Even though the well attracted thousands of people and brought great wealth, the contractor was only paid half of his $1,000 rate. This was because he was hired to drill a water well. The oil well, drilled using cable tools, produced only 2.5 BOPD at 1,035 feet.

While the contractor may not have walked away with a great deal of money, his accidental discover still launched a very profitable oil industry in Texas and marked the first boom for the Lone Star State.

June 11th, 1816 – Gas Lights Up Holliday Street Museum

Rembrandt Peale impressed civic leaders in Baltimore in 1816 when he successfully illuminated a room in the Holliday Street Museum with manufactured gas. This gas was distilled from wood, coal or tar. Peale’s display amazed patrons of the museum by immersing them in ‘gems of light’.

Soon after, Baltimore’s city council approved a plan to light the main streets. To support this, Peal and other investors established the Gas Light Company of Baltimore. One historian proclaimed that it was the leading gas company in the new world.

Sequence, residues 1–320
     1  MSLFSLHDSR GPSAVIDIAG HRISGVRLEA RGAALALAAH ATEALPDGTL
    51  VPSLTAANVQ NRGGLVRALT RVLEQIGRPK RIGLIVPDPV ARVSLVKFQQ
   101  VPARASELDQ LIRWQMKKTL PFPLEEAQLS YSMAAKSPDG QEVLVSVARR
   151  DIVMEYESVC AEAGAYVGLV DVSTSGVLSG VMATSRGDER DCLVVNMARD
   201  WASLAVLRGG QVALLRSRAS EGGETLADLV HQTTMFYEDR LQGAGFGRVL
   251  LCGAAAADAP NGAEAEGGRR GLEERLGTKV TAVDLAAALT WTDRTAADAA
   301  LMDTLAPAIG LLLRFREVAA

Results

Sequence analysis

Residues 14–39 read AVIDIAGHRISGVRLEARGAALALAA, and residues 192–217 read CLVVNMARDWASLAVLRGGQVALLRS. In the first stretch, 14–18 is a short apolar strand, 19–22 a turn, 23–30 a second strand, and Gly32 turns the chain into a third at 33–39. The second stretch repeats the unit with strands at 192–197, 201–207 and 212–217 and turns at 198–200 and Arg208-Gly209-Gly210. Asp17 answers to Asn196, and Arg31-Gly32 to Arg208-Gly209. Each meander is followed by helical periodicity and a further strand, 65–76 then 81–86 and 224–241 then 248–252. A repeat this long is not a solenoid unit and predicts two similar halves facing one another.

The museum was the first public building in the United States to utilize gas lighting. In 1855, the Gas Light Company of Baltimore opened a manufacturing plant to refine gas from coal.

June 11th, 1929 – Establishment of the Organization for Independent Producers

The first ever Oil Conservation Conference took place in 1929 in Colorado Springs, Colorado at the Broadmoor Hotel bringing together some of the brightest minds in this industry.

Wirt Franklin represented independent producers at the conference and spent his time disputing the creation of a commission that would allow for an increase of imported foreign oil. He claimed that if the condition became reality, it would lead to destruction for small producers.

Franklin later established an organization in Tulsa, Oklahoma. His goal was to protect the interests of American independent producers. This organization, the Independent Petroleum Association of America still exists. Today, it represents companies that produce 90 percent of domestic oil.